Botanical Beers Are Back to the Future
Can you imagine what beer would taste like without hops? That’s out of the question, at least in the U.S., where all beer is legally required to contain hops, but that’s not how it has always been.
Hop’s prevalence in beer is a relatively new development in the beverage’s long history. The first evidence of beer dates back over 7,000 years, whereas the first documented use of hops in beer was just over 1,200 years ago. So what were brewers using to flavor and bitter their beer prior to hops? Craft beer enthusiasts may soon find out as some breweries are experimenting with botanical beers that are heavily influenced by the ingredients of the past.
Early beers, some of which have inspired Dogfish Head’s Ancient Ales series, contained no hops and were very sweet due to the barley and the absence of a bittering ingredient. As tastes for beer developed, brewers experimented with recipes that countered the sweetness of the malt with new ingredients to produce a more balanced beverage. A large variety of botanicals were used to bitter beer before hops took center stage including flowers, herbs, roots, as well as a mixture called gruit.
Breweries Exploring with Botanicals
Experimenting with historically-inspired recipes using botanical ingredients is a trend that’s gaining traction in American craft brewing. Forbidden Root, a young brewery in Chicago, Ill., is actually named after their botanical root beer. Aside from their root beer, Forbidden Root aims to brew exclusively botanic beers with very limited hop usage. Their current lineup includes unique and intriguing offerings like a key lime ginger ale (a real ginger ale) and a pale ale featuring elderflower, marigold and sweet osmanthus flowers.
While not their main focus, many other breweries have begun using botanic ingredients in some of their beers. A great example of a well-know beer that embraces botanical ingredients is Good Juju by Left Hand Brewing Co. in Longmont, Colo. Good Juju is a summer seasonal brewed with a hearty portion of fresh, organic ginger which gives it a uniquely refreshing spice character that you can’t achieve using traditional ingredients.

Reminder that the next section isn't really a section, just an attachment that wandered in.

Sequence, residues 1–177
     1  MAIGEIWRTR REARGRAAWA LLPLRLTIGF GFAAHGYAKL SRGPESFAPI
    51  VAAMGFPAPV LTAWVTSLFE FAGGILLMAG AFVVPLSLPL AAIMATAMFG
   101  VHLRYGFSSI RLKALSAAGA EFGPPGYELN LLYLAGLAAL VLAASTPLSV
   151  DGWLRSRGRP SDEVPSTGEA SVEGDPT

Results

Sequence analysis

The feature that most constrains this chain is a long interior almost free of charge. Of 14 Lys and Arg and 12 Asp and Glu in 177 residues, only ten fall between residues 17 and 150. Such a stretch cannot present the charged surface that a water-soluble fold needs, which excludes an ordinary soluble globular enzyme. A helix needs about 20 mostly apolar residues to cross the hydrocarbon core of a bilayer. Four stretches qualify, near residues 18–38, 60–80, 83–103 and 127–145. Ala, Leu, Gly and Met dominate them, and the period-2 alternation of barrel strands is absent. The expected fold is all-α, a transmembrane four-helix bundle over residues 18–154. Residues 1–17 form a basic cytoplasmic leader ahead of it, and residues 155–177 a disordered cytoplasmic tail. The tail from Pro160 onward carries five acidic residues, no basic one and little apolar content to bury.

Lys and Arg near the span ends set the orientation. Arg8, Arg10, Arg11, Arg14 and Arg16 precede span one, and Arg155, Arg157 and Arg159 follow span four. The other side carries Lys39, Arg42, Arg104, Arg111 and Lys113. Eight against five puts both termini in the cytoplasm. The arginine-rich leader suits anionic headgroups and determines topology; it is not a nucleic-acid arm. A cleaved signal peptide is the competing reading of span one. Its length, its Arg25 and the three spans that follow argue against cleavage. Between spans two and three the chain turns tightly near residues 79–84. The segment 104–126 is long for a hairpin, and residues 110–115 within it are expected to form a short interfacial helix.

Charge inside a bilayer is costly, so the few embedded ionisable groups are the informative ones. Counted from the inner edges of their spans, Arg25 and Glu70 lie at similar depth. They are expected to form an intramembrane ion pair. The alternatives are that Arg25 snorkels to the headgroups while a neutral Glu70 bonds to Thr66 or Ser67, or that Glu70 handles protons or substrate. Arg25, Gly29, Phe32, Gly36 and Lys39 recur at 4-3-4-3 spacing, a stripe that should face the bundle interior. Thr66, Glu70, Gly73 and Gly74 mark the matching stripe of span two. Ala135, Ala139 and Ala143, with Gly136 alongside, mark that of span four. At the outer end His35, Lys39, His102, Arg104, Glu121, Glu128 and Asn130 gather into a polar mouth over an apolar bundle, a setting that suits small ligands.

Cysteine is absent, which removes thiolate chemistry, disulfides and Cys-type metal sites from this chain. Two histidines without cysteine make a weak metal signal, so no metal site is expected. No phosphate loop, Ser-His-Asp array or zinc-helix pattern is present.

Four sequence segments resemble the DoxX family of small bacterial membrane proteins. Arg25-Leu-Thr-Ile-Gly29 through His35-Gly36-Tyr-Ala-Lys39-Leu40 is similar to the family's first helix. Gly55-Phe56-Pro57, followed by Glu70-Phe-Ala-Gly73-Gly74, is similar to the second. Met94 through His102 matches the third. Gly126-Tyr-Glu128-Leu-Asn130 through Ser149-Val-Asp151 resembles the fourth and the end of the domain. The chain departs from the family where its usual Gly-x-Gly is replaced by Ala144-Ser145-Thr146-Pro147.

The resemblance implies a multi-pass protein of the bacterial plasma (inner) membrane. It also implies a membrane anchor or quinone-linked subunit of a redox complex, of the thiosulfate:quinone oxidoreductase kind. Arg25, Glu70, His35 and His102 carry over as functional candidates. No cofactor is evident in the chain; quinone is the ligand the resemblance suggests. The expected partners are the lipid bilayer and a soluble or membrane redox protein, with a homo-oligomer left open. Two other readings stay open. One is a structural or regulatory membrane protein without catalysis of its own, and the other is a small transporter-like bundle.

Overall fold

Jester King Brewery in Austin, Tx., has embraced botanical ingredients in their Dichotomous series of limited release beers by using lavender, rosemary and spearmint, all harnessed in their barrel-aged farmhouse ale.
Much like the original root beer, which was brewed for its medicinal qualities, San Francisco’s Cervecería De MateVeza brews all of their beers with yerba mate. Yerba mate is a plant that contains natural caffeine, antioxidants and 24 vitamins.
Wild Woods Brewery in Boulder, Colo., embodies their slogan of, “beer inspired by the outdoors” by incorporating botanical ingredients in many of their beers. Their Treeline IPA not only includes a generous amount of Centennial and Columbus hops, but is also conditioned with juniper berries to add a distinct natural character that separates it from other IPAs. That’s not all, you’ll also find botanic ingredients like whole dried jasmine flowers and vanilla beans throughout their lineup.
The Realities of Working with Raw Materials
The use of alternate ingredients to bitter beer not only leads to more interesting beers for consumers, but also serves as a valuable precautionary measure. Hops add amazing character to beer, but there have been shortages in the past and there could be again. Any shortage drives the prices up and can put many small brewers in a rough situation should a crucial ingredient become scarce. Supplemental ingredients to use for bittering and to reduce dependence on hops could be incredibly beneficial in the event of another hop shortage.
There are endless possible botanical ingredients that can take an already great beer and give it a truly unique flavor that you can’t find anywhere else. The increased use of botanic ingredients could be the next step in beer’s evolution and gives every brewery an opportunity for a lineup of totally distinctive brews, even as the overall number of breweries increases.
There’s no end to the creativity that can be inspired by the use of non-traditional ingredients in the already highly innovative brewing industry. Whether the use of a botanical is inspired by its prevalence in a certain region or it is specifically sought out by a brewer that knows it’s the perfect final ingredient for their new brew, botanic ingredients will add huge variety to the craft beer landscape.
At one point not too long ago, hops were just viewed as another potential ingredient, and look at what they stand for now. What could be the next defining development (or ingredient) in the history of American craft beer?